Though many of the Morrison Formation fossils are fragmentary, they are sufficient to provide a good picture of the flora and fauna in the Morrison Basin during the Kimmeridgian. Overall, the climate was dry, similar to a savanna but, since there were no angiosperms (grasses, flowers, and some trees), the flora was quite different. Conifers, the dominant plants of the time, were to be found with ginkgos, cycads, tree ferns, and horsetail rushes. Much of the fossilized vegetation was riparian, living along the river flood plains. Insects were very similar to modern species, with termites building 30 m (100 ft.) tall nests. Along the rivers, there were fish, frogs, salamanders, lizards, crocodiles, turtles, pterosaurs, crayfish, clams, and monotremes (prototherian mammals, the largest of which was about the size of a rat).
The dinosaurs were most likely riparian as well (dwelled by rivers). Hundreds of dinosaur fossils have been discovered, such as Allosaurus, Camptosaurus, Ornitholestes, several stegosaurs comprising at least two species of Stegosaurus and the slightly older Hesperosaurus, and the early ankylosaurs, Mymoorapelta and Gargoyleosaurus, most notably a very broad range of sauropods (the giants of the Mesozoic era). Since at least some of species are known to have nested in the area (Camptosaurus embryoes have been discovered), there are indications that it was a good environment for dinosaurs and not just home to migratory, seasonal populations.
Sauropods that have been discovered include the Diplodocus (most famously, the first nearly-complete specimen of D. carnegiei, which is now exhibited at the Carnegie Museum of Natural History, in Pittsburgh, Pennsylvania), Camarasaurus (the most commonly found sauropod), Brachiosaurus, Apatosaurus (also wrongly known as Brontosaurus), Barosaurus, the uncommon Haplocanthosaurus and the Seismosaurus. The very diversity of the sauropods has raised some questions about how they could all co-exist. While their body shapes are very similar (long neck, long tail, huge elephant-like body), they are assumed to have had very different feeding strategies, in order for all to have existed in the same time frame and similar environment.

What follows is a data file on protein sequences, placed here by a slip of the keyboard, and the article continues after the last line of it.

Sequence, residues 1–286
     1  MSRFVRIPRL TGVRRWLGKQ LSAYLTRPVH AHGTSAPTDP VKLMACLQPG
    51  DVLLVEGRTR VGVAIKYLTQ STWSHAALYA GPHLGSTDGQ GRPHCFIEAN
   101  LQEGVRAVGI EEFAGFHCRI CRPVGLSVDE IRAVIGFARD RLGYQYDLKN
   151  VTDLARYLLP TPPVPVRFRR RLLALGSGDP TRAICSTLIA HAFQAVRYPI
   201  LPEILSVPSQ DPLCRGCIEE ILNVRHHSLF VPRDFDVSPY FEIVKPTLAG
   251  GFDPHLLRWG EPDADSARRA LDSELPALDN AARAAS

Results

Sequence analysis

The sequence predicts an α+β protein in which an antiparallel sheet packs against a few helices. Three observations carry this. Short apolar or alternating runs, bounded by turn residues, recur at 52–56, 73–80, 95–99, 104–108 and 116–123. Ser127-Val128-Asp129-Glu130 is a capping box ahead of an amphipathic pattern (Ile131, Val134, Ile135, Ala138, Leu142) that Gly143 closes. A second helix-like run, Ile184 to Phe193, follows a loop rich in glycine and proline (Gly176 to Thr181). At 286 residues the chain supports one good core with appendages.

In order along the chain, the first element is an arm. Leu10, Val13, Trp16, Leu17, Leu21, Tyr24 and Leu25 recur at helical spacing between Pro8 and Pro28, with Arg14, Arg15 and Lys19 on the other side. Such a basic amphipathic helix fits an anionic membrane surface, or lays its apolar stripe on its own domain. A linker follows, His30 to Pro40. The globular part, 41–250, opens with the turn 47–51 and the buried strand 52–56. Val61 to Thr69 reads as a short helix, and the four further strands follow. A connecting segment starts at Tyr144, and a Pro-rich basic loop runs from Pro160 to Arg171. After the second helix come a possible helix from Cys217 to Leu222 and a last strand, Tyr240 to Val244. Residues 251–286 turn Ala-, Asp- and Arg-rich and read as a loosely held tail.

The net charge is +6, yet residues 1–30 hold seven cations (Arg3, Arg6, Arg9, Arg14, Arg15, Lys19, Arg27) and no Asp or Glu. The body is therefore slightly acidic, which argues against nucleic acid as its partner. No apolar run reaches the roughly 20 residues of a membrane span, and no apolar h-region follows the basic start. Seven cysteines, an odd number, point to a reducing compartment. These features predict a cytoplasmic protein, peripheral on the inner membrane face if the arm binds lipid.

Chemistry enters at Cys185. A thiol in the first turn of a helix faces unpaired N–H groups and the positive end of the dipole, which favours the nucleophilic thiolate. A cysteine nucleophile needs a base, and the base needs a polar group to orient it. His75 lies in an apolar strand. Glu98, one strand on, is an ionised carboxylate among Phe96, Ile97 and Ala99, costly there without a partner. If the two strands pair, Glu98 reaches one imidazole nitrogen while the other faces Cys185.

There are numerous excavation sites within the Morrison, but the most famous is Como
Dinosaur National Monument in Utah is also a quarry site of the Morrison. For a list of quarry sites, see Morrison Formation on Wikipedia.
Dinosaur National Monument
Dinosaur National Monument is a National Monument located on the southeast flank of
The rock layer enclosing the fossils is a sandstone and conglomerate bed of alluvial or river bed origin. The dinosaurs and other ancient animals were washed into the area and buried presumably during flooding events. The pile of sediments were later buried and lithified into solid rock. The layers of rock were later uplifted and tilted to their present angle by the mountain building forces that formed the Uintas. The relentless forces of erosion exposed the layers at the surface to be found by paleontologists.
When dinosaurs are found in a mass graveyard, with many fossil specimens in one location such as Dinosaur National Monument, the remains are deposited in that location due to water, typically from a flood event, or several flood events. Young earth creationists often point to these mass graveyards as proof of the worldwide flood of Noah, and they claim it is proof that the earth is young. However, there are many reasons why this is not the case.
On the other hand, old earth creationism has no problems with accepting the theories of scientists, who view these graveyards as created by individual floods, or by a group of floods. (For additional reading - As an example of a young earth claim about a dinosaur graveyard, consider this young earth claim.)